Eric Jay DolinOct 20, 2022
Rebels at Sea
Privateering in the American Revolution
Liveright Publishing 2022
The bestselling author of Black Flags, Blue Waters reclaims the daring freelance sailors who proved essential to the winning of the Revolutionary War. The heroic story of the founding of the U.S. Navy during the Revolution has been told many times, yet largely missing from maritime histories of America’s first war is the ragtag fleet of private vessels that truly revealed the new nation’s character—above all, its ambition and entrepreneurial ethos. In Rebels at Sea: Privateering in the American Revolution (Liveright, 2022), best-selling historian Eric Jay Dolin corrects that significant omission, and contends that privateers, as they were called, were in fact critical to the American victory. Privateers were privately owned vessels, mostly refitted merchant ships, that were granted permission by the new government to seize British merchantmen and men of war.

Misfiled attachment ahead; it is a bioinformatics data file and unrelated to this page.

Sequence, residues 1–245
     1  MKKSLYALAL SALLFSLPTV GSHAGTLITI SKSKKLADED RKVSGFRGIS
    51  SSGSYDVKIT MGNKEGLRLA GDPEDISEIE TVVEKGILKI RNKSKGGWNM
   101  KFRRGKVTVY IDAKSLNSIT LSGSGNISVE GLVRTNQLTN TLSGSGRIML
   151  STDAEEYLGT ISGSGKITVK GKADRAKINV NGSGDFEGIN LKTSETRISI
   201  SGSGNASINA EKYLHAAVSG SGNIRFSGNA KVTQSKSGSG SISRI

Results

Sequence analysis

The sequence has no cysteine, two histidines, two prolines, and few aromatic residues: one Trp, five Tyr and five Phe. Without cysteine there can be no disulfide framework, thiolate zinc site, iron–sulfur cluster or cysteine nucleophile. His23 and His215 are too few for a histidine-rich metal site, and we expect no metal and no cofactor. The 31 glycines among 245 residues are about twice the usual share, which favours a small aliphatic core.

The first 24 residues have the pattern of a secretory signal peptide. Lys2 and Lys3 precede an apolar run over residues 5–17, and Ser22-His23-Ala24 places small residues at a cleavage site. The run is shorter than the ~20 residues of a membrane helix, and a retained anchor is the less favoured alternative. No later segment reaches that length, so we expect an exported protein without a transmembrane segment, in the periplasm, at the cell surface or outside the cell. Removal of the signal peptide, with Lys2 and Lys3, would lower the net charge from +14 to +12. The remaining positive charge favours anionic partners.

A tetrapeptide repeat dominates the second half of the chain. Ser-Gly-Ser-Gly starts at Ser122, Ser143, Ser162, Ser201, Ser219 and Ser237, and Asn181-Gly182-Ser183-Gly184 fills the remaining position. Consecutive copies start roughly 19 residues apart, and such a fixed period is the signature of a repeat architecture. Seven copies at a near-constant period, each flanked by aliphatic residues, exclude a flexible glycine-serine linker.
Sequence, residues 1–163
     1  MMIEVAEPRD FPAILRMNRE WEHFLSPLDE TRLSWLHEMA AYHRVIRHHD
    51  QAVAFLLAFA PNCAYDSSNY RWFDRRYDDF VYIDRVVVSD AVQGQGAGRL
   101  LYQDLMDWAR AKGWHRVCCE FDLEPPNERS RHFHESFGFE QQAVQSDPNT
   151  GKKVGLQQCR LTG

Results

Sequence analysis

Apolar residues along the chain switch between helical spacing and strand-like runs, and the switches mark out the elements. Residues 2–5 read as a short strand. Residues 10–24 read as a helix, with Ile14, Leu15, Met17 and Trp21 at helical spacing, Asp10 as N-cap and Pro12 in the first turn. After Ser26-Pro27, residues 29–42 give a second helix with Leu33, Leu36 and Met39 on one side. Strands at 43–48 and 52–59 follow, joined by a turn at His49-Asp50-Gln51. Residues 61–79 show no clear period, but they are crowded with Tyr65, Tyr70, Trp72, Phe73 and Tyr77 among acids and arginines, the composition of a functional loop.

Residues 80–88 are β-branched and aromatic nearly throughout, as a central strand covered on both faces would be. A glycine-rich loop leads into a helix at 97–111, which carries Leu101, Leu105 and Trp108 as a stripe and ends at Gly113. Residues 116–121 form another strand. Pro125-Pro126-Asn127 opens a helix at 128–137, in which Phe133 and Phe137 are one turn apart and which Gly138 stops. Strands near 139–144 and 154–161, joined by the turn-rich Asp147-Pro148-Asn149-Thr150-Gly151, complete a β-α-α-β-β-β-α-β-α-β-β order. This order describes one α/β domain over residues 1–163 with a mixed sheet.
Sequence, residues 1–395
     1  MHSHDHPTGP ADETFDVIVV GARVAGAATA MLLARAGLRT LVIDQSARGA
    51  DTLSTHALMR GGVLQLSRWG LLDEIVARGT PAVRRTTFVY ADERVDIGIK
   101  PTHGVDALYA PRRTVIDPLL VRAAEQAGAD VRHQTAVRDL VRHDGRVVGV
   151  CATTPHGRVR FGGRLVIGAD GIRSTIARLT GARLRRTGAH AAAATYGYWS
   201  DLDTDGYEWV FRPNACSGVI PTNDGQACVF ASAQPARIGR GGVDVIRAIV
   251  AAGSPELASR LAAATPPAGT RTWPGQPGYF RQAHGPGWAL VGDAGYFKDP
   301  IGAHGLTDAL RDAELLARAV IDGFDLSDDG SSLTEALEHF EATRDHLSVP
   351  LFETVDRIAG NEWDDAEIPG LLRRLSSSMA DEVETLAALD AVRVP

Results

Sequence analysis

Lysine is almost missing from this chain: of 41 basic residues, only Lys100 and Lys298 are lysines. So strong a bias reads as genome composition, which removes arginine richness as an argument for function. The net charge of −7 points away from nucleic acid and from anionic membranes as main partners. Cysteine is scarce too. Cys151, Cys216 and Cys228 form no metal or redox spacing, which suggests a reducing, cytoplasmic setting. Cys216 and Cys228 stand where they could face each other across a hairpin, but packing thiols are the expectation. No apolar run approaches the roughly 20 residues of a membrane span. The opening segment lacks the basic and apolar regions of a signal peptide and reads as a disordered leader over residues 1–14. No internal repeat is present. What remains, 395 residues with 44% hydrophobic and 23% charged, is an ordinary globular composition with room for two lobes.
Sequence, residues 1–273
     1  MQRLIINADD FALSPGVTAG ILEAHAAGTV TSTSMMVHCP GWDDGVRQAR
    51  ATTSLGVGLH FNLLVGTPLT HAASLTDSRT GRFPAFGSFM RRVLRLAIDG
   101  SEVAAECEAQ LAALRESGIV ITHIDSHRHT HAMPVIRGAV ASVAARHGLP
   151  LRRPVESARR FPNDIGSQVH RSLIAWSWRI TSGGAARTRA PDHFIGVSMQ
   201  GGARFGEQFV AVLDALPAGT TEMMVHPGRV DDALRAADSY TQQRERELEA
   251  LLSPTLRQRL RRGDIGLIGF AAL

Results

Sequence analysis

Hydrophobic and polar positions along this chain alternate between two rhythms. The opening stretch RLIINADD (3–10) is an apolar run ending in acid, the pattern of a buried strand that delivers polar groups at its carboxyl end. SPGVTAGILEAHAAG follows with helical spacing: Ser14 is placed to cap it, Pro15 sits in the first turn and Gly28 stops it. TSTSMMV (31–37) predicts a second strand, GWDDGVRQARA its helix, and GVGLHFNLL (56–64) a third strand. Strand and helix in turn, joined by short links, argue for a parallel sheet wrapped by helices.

As Dolin stirringly demonstrates, at a time when the young Continental Navy numbered no more than about sixty vessels all told, privateers rushed to fill the gaps. Nearly 2,000 set sail over the course of the war, with tens of thousands of Americans serving on them and capturing some 1,800 British ships. Privateers came in all shapes and sizes, from twenty-five foot long whaleboats to full-rigged ships more than 100 feet long. Bristling with cannons, swivel guns, muskets, and pikes, they tormented their foes on the broad Atlantic and in bays and harbors on both sides of the ocean. Abounding in tales of daring maneuvers and deadly encounters, Rebels at Sea presents this nation’s first war as we have rarely seen it before.
Daniel P. Stone holds a PhD in American history from Manchester Metropolitan University (United Kingdom) and is the author of William Bickerton: Forgotten Latter Day Prophet (Signature Books, 2018).